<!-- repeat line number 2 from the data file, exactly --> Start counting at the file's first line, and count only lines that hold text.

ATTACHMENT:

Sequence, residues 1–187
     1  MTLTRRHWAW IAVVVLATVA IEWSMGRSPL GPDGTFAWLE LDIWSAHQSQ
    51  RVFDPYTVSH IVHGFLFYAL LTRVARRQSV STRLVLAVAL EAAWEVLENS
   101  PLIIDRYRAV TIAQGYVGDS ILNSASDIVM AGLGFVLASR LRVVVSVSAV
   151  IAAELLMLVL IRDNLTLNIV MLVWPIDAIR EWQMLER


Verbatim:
     1  MTLTRRHWAW IAVVVLATVA IEWSMGRSPL GPDGTFAWLE LDIWSAHQSQ